The looper on the TimeLine is one of the best out there in its own right. At its core, it is a very simple to use and effective sound on sound tool. Simply hold the tap switch to enter looper mode and then the A button is to record/overdub and the B button is to Play/Stop. The feature that takes this looper up a notch is the ability to choose where your loop sits in the signal chain. Essentially this function lets you run your delays into your loop, which then means you can move knobs and change the sound of the loop. When using the looper like this your TimeLine starts to feel a whole lot more like a synth pad. While not for all (or even most) players, some will find there is no alternative to Strymon.
All these delay/looper pedals are great buys. Nevertheless, for some, there are a few deal-breakers that exist here. Things like ease of use and looper length are what cause certain players to avoid the 2 in 1 route. If you are one of these people, stay put as we move on to some dedicated looper units.
Looper Units -
For those still looking for a dedicated looper, you have a lot of options to choose from. The choice between these is going to be very specific to the players' use case. For practicing, all you need is something that lets you record and overdub yourself very efficiently. Though, if you are looking for a tool for live performance you may want to consider something more robust. All of the following are going to be great selections no matter the use, but make sure you keep your own needs in mind.
- TC Electronic Ditto: $118.00
- You will see this guy on a lot of boards for good reason. It’s easy to use and does its one job very well. It is also a great size if space is a concern for you, there should be no issue fitting this into most rigs. The Ditto also comes in other (more expensive) forms that cater to things like vocals, stereo loops, and built-in effects. So, if the original ditto is not right for you, there is probably something in their line that will be.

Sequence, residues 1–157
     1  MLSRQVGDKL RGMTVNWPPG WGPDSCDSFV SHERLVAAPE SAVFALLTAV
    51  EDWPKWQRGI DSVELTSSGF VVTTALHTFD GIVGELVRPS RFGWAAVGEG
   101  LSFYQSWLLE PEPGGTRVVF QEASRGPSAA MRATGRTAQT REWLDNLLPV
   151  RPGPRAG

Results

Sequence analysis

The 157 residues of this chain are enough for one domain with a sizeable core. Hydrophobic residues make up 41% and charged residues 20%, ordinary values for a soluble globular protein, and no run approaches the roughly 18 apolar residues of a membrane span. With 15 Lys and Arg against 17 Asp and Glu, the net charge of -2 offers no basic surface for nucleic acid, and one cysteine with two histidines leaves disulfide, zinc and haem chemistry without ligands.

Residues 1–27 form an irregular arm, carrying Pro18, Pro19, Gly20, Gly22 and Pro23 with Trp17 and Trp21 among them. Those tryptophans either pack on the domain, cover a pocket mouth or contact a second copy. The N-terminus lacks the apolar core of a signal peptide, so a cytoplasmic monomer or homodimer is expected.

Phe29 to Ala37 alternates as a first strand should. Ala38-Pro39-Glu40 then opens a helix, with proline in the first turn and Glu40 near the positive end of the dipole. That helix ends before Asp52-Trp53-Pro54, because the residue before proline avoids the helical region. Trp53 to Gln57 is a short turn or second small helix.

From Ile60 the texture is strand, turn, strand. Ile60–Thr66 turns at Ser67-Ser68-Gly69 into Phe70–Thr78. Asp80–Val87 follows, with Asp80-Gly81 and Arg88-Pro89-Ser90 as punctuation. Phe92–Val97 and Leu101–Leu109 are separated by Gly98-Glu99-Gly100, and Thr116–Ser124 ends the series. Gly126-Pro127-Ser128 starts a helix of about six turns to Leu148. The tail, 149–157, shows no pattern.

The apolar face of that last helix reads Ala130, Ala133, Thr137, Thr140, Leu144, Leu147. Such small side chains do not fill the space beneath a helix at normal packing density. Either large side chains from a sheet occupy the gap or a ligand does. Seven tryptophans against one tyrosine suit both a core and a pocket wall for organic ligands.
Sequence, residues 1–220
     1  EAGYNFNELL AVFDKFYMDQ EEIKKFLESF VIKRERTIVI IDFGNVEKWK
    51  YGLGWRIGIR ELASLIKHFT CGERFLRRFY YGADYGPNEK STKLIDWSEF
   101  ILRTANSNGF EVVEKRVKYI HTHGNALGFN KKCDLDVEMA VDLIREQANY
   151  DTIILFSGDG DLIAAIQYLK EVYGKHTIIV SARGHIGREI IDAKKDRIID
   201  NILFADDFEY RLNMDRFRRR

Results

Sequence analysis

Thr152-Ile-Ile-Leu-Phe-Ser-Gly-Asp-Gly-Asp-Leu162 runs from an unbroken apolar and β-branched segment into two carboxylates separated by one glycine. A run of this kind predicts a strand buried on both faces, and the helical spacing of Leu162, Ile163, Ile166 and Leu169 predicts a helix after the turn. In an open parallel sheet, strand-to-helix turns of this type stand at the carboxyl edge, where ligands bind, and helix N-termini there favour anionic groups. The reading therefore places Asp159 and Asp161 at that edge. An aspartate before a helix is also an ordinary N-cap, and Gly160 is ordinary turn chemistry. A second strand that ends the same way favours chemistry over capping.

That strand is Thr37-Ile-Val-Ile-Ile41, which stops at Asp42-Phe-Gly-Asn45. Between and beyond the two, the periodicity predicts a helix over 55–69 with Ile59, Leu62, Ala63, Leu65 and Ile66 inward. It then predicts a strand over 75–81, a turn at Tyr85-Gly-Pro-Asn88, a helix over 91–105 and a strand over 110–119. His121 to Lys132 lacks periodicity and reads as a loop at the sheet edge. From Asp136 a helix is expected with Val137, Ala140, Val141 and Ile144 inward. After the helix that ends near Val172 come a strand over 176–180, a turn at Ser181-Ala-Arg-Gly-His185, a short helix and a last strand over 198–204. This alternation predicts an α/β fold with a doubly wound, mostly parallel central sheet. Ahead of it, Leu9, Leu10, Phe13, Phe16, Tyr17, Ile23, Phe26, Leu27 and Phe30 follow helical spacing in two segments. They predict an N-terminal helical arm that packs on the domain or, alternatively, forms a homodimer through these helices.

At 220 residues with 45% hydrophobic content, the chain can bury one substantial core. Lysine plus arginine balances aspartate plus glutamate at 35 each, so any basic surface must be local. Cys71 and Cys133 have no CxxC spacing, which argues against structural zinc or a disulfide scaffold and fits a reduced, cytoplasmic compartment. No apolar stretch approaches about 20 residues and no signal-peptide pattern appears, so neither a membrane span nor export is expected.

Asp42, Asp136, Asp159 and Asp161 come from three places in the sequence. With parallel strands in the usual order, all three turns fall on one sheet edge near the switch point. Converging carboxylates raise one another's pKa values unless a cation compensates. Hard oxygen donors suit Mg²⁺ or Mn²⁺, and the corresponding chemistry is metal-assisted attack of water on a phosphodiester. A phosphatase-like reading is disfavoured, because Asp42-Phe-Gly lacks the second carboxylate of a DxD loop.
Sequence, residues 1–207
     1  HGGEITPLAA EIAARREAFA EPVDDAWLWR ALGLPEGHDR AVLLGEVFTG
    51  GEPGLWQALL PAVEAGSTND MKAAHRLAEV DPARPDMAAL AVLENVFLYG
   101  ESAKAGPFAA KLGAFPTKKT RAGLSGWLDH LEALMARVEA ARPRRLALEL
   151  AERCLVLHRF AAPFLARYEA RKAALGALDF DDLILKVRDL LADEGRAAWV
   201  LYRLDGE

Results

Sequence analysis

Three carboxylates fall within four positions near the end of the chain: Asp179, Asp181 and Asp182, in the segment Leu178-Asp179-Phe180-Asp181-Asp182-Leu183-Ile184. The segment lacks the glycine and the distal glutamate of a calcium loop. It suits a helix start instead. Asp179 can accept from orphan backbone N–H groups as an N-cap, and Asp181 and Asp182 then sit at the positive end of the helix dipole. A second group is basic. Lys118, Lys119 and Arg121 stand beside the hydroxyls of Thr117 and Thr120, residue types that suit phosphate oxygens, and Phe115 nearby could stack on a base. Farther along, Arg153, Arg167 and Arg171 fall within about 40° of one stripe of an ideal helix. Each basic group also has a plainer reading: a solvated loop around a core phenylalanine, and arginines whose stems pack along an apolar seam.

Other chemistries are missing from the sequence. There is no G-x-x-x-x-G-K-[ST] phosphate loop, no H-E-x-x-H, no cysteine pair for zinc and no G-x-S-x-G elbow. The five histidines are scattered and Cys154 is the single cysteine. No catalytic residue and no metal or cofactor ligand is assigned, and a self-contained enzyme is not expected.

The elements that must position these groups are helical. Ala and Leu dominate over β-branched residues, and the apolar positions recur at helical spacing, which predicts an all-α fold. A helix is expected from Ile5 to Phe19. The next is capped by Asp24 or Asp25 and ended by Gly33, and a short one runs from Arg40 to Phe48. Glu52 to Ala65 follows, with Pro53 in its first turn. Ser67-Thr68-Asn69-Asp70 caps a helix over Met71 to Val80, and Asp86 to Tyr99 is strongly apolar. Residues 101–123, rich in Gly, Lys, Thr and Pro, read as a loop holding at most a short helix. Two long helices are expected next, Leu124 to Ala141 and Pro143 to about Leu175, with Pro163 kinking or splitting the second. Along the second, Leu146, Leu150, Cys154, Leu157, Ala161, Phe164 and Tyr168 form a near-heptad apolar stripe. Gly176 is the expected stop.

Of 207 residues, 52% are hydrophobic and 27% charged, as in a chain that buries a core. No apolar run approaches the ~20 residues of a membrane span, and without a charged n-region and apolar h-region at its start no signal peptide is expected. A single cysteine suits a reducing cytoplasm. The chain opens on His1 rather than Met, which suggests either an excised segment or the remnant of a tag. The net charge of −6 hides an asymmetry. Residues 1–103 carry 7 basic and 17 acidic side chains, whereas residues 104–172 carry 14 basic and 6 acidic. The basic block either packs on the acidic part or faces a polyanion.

- DigiTech Trio+: $249.95
- The Trio+ is more than just a looper. While you could you this to practice, this is meant to be a killer live performance box. Think of this as a stomp box full of controllable backing tracks that you can loop over. With 12 genre and style selections to choose from, almost any gigging individual can find something that works for them. You can even record your loop to the SD and set song parts for the Trio to remember. This is really a full-on workstation for anyone playing guitar out and about.
- Boss RC-10R: $299.99
- Consider this one a slight step from the Trio. The two share many of the same features but are executed in different ways. The Boss takes a further programmable approach that revolves around a more digital feeling (not sounding) experience. With more detailed intros, outs, and fills the Boss comes out on top for customization. However, some are going to prefer the workflow of the Trio over the RC-10R and vice versa. Ultimately, both sound great and will fulfil all your looping and performing needs.
With that I have covered all I wanted to in regard to loopers. There is actually quite a bit more to picking out one of these pedals than one might think. Or in some cases it might be as simple as buying a Ditto and calling it a day, everyone’s different. In this and all cases regarding guitar gear, there is little consensus of the best overall product to buy. Just remember to let your needs influence your decision in the end.